Perkins, 60, of Oakland, has served six terms in the state House of Representatives and last year announced he was running for Congress representing Maine’s 2nd District but dropped out after being hospitalized with COVID-19. He said he talked over the decision with his wife, who was also hospitalized, and decided he needed to refocus his political aims. So he shifted his focus to the state Senate.

Mike Perkins Joe Phelan/Kennebec Journal

Perkins emphasized his experience as a state representative and said he’s often worked with Democratic colleagues on policy matters. He believes Maine needs harsher punishments for criminal behavior and the state needs to get rid of ranked-choice voting.

“I don’t know all the answers, but I’m going to hit the ground running,” Perkins said. “And we cannot afford to have someone looking for the bathroom and not know where to go or what to do.”

He wants to see state government spend less and invest more in long-term programs. Perkins expressed frustration that the House transportation committee, of which he is a member, pushed a bond in excess of $1 billion and then used the budget surplus to send $850 checks to residents. He would have rather seen that money go toward a longer-term plan to help people transition into industries where there is a shortage of workers, like paramedics and first responders.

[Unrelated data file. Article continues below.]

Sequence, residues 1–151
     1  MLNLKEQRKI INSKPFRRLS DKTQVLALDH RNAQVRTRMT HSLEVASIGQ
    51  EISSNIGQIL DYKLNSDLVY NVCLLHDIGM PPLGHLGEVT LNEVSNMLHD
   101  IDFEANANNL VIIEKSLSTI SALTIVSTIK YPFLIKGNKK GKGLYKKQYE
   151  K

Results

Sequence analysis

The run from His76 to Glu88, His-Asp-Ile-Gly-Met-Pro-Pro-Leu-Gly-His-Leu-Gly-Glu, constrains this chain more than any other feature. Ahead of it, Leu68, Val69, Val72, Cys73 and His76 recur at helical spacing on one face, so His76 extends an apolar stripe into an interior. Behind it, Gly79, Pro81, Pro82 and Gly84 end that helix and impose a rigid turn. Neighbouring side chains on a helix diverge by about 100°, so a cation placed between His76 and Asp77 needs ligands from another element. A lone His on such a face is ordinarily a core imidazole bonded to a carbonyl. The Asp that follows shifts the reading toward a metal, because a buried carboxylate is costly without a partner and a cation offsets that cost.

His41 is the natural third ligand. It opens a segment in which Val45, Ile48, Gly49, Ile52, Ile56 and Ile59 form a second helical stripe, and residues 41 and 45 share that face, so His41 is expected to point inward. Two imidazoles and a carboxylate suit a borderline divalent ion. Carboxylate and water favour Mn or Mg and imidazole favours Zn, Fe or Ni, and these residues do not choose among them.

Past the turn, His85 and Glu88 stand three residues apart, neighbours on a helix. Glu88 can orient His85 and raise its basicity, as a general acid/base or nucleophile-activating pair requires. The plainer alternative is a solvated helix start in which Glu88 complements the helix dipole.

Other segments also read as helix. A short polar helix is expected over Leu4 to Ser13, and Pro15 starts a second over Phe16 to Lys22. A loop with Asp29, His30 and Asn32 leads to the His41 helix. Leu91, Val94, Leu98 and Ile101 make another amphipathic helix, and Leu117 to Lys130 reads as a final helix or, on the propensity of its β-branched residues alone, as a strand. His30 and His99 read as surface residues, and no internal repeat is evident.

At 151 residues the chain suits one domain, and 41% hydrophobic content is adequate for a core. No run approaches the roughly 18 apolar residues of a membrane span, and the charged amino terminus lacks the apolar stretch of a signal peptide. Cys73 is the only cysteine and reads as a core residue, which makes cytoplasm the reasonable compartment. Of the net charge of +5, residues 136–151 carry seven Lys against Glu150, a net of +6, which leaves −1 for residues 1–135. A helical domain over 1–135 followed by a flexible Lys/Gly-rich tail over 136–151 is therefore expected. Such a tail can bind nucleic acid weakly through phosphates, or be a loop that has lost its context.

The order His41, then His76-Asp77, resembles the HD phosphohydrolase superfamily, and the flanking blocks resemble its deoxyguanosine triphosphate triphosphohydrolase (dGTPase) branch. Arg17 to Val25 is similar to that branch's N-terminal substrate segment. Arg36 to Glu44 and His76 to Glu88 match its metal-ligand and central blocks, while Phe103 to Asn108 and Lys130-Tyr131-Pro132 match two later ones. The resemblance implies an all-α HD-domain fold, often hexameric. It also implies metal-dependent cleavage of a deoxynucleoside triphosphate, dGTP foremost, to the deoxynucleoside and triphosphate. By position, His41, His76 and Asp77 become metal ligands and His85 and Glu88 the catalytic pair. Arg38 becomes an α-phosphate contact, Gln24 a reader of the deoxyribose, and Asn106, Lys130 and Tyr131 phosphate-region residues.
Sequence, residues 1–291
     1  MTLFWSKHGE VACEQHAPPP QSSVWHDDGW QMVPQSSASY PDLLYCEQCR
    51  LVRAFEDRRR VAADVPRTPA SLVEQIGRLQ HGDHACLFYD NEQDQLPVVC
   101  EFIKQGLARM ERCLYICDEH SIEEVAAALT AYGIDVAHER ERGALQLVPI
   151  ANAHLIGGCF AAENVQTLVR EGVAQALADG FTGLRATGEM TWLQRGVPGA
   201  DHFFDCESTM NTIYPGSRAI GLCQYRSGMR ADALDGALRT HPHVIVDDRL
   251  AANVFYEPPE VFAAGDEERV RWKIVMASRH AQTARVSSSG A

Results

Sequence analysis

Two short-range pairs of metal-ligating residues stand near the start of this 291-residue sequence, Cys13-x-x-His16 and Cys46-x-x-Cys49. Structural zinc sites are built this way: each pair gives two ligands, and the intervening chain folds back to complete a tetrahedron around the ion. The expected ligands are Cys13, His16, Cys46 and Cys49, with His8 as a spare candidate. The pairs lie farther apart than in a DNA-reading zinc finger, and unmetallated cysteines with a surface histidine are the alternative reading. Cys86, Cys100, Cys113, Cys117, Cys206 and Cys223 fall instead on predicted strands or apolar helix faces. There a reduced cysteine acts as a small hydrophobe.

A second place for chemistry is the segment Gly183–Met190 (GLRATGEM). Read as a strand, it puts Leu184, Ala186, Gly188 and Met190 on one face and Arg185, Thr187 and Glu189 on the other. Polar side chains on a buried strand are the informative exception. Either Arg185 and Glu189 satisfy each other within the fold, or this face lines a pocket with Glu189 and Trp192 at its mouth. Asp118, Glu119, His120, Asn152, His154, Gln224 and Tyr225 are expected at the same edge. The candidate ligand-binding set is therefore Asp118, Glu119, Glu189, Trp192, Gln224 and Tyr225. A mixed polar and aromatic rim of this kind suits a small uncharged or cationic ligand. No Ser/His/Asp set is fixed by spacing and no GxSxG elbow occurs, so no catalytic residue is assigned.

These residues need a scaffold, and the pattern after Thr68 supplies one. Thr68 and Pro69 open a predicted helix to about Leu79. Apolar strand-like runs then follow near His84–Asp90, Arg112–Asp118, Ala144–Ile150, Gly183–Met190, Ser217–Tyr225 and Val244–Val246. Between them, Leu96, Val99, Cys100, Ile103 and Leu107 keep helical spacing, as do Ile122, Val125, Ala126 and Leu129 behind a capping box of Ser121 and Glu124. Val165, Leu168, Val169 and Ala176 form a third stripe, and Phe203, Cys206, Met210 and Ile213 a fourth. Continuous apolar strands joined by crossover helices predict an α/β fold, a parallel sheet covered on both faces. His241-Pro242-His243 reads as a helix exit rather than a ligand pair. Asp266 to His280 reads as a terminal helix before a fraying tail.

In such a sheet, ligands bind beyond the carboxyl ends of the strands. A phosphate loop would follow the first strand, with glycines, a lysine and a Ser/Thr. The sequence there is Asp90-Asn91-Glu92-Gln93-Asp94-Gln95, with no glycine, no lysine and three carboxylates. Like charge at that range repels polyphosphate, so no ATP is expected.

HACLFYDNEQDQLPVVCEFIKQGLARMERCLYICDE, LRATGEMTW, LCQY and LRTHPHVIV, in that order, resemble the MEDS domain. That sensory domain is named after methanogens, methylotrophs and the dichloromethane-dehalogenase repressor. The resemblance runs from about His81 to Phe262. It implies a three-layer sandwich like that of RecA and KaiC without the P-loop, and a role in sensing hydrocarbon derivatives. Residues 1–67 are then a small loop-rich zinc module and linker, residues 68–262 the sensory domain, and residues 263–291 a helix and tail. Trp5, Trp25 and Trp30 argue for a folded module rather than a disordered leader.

All three candidates agreed that the PFAS, or “forever chemical,” contamination in the area must be a primary concern for the state. Andre said that while state drinking water standards are a good step, it is difficult to say what is a safe level to have in water because there isn’t enough research. He said some progress will come with lawsuits over the issue.

“We need to take a cautious approach moving forward in terms of allocating funds to make sure that we understand the problem fully before we go whole hog into any one particular solution,” Andre said.

Kitchin’s home has been affected by the contamination and while there is no “golden answer,” Kitchin said he’d like to see the state’s task force on the issue expanded to include people who are affected by contamination.

“I moved here when I retired from the service, and we bought 40 acres of land — I’m an outdoorsman, I enjoy hunting and spending time outside — just to find out that my land was contaminated with PFAS and I can no longer eat the deer that I have on my land.”

Perkins said state government must help people who are affected, but will need to be enterprising in finding smart solutions. He pointed out that the contamination is not just in the water, but the soil as well, and mitigation needs to address that, too.

“It’s a growing problem so right now (the state Department of Environmental Protection) takes it and pays for their water, but that money is gonna run out,” Perkins said. “So we better solve the problem soon.”